Keith and Lamb go to a guitar shop to see if the string found at the murder scene is anything special. The local guitar whiz is too busy shredding to pay much attention to them, but when they threaten to take him downtown he cooperates, shutting a soundproof door to block the noise of his garage band-in-training. The string is nothing special and the budding guitar god gets mouthy, so they leave. Veronica goes to Mac’s house (which is very Middle-America, right down to her bratty brother and her mom barging in with snacks) and tells Mac what she found out. After a little more digging, Veronica found out who the other couple was in the baby-switching mess … Madison Sinclair’s parents. So yeah, Mac is technically Cindy Sinclair and Madison should be Madison Mackenzie.
At the police station, Keith and Lamb talk to the bartender at the club where the murdered girl was last seen, but he isn’t helpful. (Actually, he’s kind of a dick.) Veronica comes by with Keith’s lunch and meets Leo D’Amato, a new cop. Veronica asks him to put her dad’s lunch in the fridge and snoops around a bit. When Leo comes back, they kinda flirt a little and he mentions he’ll be there alone later. Veronica says she’ll come back and visit him, figuring it’ll be a great opportunity to get into the evidence locker and look for the Tip Line tape. The bartender tells Keith and Lamb about a dude named the Worm who shoots video of all the drunk girls at the bar and sells them. They go to see the Worm (who’s busy jacking off to another video tape) and they notice he has a guitar in his place. Lamb’s ready to grab him but Keith says they have to play it cool until they get a warrant, otherwise the Worm will destroy all the evidence.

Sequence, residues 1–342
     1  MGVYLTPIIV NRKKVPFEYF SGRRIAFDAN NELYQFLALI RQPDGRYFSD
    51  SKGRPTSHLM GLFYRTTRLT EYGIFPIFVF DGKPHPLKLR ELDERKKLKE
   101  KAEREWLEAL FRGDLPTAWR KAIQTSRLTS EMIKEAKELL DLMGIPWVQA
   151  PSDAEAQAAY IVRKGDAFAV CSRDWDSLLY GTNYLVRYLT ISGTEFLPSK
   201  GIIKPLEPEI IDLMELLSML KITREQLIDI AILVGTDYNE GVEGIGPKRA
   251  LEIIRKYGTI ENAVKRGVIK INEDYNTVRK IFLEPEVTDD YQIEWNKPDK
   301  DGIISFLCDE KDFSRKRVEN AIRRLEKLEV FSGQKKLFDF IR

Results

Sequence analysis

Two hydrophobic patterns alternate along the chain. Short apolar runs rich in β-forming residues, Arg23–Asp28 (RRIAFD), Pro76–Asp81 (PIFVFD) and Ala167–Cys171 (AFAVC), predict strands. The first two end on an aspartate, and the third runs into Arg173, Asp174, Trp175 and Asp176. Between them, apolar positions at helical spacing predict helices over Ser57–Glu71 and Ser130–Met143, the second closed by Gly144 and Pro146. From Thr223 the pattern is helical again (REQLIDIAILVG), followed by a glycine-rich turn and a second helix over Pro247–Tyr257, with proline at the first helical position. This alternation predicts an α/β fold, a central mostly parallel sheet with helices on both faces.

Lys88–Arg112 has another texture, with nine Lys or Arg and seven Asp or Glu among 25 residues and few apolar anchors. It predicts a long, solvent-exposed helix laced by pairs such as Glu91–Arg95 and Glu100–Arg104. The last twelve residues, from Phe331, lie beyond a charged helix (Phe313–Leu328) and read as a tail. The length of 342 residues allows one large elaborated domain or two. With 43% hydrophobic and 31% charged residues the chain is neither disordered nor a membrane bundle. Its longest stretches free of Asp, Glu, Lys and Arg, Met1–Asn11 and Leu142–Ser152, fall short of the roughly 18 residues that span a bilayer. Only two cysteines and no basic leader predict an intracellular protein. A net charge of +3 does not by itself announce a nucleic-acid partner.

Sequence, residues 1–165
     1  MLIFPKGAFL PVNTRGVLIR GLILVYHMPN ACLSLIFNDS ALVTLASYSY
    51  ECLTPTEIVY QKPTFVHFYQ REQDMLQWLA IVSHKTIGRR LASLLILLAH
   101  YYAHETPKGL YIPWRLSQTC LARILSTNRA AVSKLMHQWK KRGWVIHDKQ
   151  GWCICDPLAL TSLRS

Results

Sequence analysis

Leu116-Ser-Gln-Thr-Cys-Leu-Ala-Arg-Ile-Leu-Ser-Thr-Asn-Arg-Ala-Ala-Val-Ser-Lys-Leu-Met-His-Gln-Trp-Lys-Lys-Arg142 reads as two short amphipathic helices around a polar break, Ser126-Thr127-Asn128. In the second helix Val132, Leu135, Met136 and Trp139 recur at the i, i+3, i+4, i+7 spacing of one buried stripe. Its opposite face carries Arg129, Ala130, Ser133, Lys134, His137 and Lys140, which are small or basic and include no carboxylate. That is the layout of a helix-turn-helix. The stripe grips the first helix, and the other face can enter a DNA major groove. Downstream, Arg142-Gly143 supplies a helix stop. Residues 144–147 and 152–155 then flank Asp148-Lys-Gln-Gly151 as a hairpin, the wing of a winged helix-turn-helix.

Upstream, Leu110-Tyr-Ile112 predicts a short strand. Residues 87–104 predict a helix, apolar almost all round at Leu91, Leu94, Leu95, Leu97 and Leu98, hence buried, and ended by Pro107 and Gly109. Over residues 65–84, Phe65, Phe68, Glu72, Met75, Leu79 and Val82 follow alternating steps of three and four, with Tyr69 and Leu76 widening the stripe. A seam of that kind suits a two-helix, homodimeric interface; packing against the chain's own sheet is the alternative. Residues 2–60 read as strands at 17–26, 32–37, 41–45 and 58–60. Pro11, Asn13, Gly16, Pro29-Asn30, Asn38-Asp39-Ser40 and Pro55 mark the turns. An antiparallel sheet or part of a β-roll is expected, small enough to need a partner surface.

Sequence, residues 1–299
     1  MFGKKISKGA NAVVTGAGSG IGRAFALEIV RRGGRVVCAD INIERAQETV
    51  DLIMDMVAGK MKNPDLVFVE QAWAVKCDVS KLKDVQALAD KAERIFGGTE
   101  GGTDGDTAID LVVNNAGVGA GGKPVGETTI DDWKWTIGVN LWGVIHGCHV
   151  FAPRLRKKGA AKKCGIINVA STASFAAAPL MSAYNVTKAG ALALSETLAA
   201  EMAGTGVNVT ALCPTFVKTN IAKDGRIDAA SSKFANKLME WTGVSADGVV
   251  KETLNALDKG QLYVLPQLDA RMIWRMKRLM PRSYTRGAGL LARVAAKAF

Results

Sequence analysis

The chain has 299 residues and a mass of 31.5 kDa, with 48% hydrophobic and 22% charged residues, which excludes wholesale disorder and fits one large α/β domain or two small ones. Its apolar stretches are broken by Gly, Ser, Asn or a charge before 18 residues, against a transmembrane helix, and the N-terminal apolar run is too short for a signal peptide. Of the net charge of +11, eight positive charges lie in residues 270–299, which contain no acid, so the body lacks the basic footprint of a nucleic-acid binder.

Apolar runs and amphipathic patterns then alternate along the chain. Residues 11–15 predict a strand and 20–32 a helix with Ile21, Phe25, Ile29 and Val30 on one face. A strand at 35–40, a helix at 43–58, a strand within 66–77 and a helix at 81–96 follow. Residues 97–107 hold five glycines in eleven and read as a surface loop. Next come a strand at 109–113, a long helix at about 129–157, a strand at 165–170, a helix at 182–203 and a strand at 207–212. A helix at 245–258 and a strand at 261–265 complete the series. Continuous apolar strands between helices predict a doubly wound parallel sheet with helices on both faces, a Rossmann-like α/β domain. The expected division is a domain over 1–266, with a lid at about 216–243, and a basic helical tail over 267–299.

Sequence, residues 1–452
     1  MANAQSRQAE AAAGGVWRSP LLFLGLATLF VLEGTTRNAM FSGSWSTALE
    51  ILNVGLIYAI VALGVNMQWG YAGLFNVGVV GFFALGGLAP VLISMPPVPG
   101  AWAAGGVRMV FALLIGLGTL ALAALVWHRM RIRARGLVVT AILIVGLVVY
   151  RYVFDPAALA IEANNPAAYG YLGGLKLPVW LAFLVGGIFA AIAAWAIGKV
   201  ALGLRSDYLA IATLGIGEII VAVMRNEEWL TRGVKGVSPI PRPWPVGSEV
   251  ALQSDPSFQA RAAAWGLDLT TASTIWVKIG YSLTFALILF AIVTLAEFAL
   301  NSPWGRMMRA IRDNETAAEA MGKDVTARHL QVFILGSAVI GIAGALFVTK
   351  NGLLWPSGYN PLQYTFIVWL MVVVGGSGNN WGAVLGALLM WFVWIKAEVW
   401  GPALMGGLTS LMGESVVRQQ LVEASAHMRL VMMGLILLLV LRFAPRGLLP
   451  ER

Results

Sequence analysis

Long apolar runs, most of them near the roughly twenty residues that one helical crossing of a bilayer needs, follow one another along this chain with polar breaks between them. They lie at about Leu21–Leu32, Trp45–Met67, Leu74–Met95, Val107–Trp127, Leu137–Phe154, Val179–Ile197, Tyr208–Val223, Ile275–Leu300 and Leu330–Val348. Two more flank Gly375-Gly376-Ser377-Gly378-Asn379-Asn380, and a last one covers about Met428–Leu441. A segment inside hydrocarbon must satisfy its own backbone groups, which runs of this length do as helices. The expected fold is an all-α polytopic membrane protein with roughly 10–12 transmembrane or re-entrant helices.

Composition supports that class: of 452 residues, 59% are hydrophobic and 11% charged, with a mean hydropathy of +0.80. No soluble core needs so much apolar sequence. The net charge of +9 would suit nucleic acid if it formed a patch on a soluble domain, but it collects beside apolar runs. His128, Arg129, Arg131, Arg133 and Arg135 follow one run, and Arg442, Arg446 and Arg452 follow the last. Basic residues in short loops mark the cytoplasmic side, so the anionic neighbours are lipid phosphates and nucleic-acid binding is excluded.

At school, Mac says she wants to crash Madison’s birthday party to see how the other half lives … especially since should be part of the other half. Veronica says it’s a bad idea, but ends up going anyway (along with Wallace). They bluff their way in and Mac is dismayed to see the life she might’ve had: the Sinclairs have traveled all over the world and have a library stuffed full of books. Mac meets Madison’s little sister (Lauren) a precocious kid who’s reading the Westing Game. Mac has an instant rapport with her, but Madison comes in and gets all snotty, kicking Madison and Veronica out. Mac wonders why their parents didn’t just trade kids back and Veronica says they must’ve gotten attached to the kids they’d been raising. Mac wonders what happened to the million bucks her parents got from the lawsuit and asks Veronica to keep digging.
The case against the Worm (real name Eddie) is looking good; his guitar strings matched those on the victims and it turns out he wasn’t selling the video tapes, he was keeping them for his “personal use”. Later, Veronica comes by the police station when Leo’s there alone to share a pizza with him. Weevil comes in and distracts Leo with a noise complaint, giving Veronica time to sneak into the evidence locker and lift the Tip Line recording. Afterwards, Leo and Veronica flirt some more and he tells her his best pick-up line is inviting girls to check out his band at a club. But since Veronica’s only 17, that won’t work with her. (In case you’re wondering, Leo is 20.)